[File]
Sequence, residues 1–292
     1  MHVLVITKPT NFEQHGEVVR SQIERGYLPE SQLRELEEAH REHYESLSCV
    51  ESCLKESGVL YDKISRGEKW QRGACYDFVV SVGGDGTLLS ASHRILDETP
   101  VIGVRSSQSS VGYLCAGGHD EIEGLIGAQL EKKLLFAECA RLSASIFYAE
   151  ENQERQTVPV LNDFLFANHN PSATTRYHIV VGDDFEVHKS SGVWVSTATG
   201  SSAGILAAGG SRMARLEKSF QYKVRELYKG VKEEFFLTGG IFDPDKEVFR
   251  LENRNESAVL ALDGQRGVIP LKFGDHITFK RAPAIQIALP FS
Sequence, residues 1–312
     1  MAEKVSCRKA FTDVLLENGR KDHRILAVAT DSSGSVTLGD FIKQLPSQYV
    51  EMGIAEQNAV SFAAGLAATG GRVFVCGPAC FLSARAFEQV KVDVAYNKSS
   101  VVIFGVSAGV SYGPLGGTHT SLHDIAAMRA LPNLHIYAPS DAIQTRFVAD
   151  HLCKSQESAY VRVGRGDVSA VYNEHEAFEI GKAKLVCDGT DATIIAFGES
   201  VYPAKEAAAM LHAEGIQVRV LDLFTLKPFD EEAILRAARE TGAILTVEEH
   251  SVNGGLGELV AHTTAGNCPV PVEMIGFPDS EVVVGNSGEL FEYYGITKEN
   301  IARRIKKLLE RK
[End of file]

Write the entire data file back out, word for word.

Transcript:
Sequence, residues 1–292
     1  MHVLVITKPT NFEQHGEVVR SQIERGYLPE SQLRELEEAH REHYESLSCV
    51  ESCLKESGVL YDKISRGEKW QRGACYDFVV SVGGDGTLLS ASHRILDETP
   101  VIGVRSSQSS VGYLCAGGHD EIEGLIGAQL EKKLLFAECA RLSASIFYAE
   151  ENQERQTVPV LNDFLFANHN PSATTRYHIV VGDDFEVHKS SGVWVSTATG
   201  SSAGILAAGG SRMARLEKSF QYKVRELYKG VKEEFFLTGG IFDPDKEVFR
   251  LENRNESAVL ALDGQRGVIP LKFGDHITFK RAPAIQIALP FS
Sequence, residues 1–312
     1  MAEKVSCRKA FTDVLLENGR KDHRILAVAT DSSGSVTLGD FIKQLPSQYV
    51  EMGIAEQNAV SFAAGLAATG GRVFVCGPAC FLSARAFEQV KVDVAYNKSS
   101  VVIFGVSAGV SYGPLGGTHT SLHDIAAMRA LPNLHIYAPS DAIQTRFVAD
   151  HLCKSQESAY VRVGRGDVSA VYNEHEAFEI GKAKLVCDGT DATIIAFGES
   201  VYPAKEAAAM LHAEGIQVRV LDLFTLKPFD EEAILRAARE TGAILTVEEH
   251  SVNGGLGELV AHTTAGNCPV PVEMIGFPDS EVVVGNSGEL FEYYGITKEN
   301  IARRIKKLLE RK